in the 1970s and 1980s, when children’s clothing was not as gender-specific; hand-me- downs were fairly common, passed down from girls to other girls, or brothers to sisters, and more rarely (but still existent) girls to boys (Paoletti 2012; personal experience/ knowledge). This contrasts with the emphasis on having the right clothes (according to the wearer’s sex and the current popular culture icons) today. I don’t spend a lot of money on Emma’s clothes, and I have a lot of hand-me- downs. They are hand-me-downs from both girls and boys – including [Emma’s brother] Henry – so I have actually had quite a few comments from both adults and other kids that she looks like a boy, and it’s particularly because she has so little hair. She’s often mistaken for a boy even if she’s in pink. So the hair thing really matters, but I’m very conscious of that, and I’m not going to change it cause, that’s quite frankly who I am and I’m not going to spend lots of money on her clothes – on either of my children’s clothes. But I’ve begun to notice – well, I think that I am somewhat nervous about that, if I present in a particular way… and then my female child is also sometimes in clothes that people would identify with boys, that I’m imposing that on her… I’m just a bit worried about what people might say. I’d defend myself, but I mean, my choice of clothes for Emma is by far a function of her ability to move. I can’t stand the way girls are often dressed in tight clothes or clothes that restrict their movement and she’s an extremely active, athletic kids and I want her to have the freedom to do that. And, that means often wearing clothes that are “boys,” or for boys, ostensibly.  While Joy’s practice may not seem that much like failure in terms of gender – at least for those of us who grew up, as I did, wearing hand-me-downs from our older brother(s) – she is consciously and actively countering the status quo of not just gender/sex (and movement) restricted clothing, but also of consumerism/neoliberalism.  Moreover, Quinn, Tash, Bryn, and Joy were not the only parents to speak about why they parented the way they did; in fact, two parents explained to me their practice of not explicitly parenting queerly. For Lou, hir decision to not be “political” with hir adopted children, Yannik and Zola, stemmed from Lou’s childhood spent with hir parents at anti-abortion protests. S/he felt that being outwardly political/queer with hir children –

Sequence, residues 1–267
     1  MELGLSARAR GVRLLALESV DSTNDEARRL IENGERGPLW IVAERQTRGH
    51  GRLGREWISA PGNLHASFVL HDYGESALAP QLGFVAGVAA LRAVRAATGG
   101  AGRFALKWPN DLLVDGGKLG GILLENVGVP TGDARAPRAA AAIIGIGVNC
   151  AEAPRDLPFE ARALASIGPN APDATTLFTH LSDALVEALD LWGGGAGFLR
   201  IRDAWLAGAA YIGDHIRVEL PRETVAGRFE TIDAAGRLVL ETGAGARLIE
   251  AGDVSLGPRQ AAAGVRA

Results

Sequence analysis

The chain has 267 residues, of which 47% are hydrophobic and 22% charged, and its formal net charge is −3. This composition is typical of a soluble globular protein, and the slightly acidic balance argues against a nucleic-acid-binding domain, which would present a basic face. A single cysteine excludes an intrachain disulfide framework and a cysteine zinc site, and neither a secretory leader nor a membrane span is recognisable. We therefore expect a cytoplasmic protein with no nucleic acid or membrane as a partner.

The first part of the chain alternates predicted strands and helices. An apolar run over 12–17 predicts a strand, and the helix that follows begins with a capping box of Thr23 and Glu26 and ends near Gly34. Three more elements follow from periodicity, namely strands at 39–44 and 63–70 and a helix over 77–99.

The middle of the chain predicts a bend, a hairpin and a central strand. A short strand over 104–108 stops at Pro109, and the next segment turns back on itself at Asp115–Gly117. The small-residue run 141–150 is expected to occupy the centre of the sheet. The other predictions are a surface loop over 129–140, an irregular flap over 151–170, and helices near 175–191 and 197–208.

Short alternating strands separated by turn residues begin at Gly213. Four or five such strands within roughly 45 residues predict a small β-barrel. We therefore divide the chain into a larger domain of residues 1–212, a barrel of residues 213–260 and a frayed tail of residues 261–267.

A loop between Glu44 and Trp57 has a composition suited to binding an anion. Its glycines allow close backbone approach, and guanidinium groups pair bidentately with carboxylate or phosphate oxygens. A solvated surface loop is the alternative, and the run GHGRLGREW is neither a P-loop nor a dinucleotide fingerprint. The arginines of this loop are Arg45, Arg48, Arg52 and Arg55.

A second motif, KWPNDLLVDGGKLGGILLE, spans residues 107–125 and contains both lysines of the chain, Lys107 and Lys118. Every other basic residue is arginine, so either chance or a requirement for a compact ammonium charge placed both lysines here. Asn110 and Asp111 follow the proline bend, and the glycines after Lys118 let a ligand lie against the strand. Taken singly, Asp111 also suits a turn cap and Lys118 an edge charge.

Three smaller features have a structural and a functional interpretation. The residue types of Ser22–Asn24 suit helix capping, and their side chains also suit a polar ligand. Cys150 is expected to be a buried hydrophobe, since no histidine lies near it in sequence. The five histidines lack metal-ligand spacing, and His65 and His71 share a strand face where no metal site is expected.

besides using the men’s washroom when in public with hir son, which Lou did successfully passing as a man – was using hir children as pawns, as they could not truly understand or consent to participating in being queerly parented. On the other hand, Vanessa expressed her desire to be more queer in her parenting of Abigail, but she already felt judged and critiqued by both LGBT and mainstream heterosexual parents.  In fact, it was not until my second to last interview – which was with Vanessa – that I made the connection between queer parenting and neoliberalism or homonormativity. I had met Vanessa as a genderqueer individual before she was pregnant, and knew she was passionate about queer reproduction. Once I had the go-ahead for my research, I sent her my call for participants, with the expectation that she would not only pass it on to others she knew, but also volunteer to participate due to her interests and experiences. So, I was surprised when I did not hear back from her. Little did I know that when she was pregnant and as a new parent, she had been so affected by neoliberalism and heteronormativity. Vanessa explained: As you know, I didn’t agree [to participate in an interview] immediately, and really it was the prompting of a friend who reminded me of some of the challenges I had while I was pregnant, that made me think about [participating]. And it also really reminded me – that same conversation – made me realize how much, not only being pregnant, but being a mother has driven me in a different direction, in terms of my physical presentation, because of feelings of uncomfortableness.  Later in the interview she expanded on this. I think because I feel [that] externally I do present differently, and not completely by choice. I think that’s why when I talked to [my friend] I said, ‘yeah, okay, this does fit me because I feel like I’ve succumbed to a fair bit of societal pressure since becoming a mother, and the kind of relentlessness of it.’ And maybe a desire to fit in a little bit or to avoid conflict a little bit – maybe as Abigail gets older for her sake, but for now, for my sake. But I’m not happy about it, I don’t like the idea that there are mornings that I get dressed and then I think, ‘Oh, I’m going somewhere,’ and so I change. That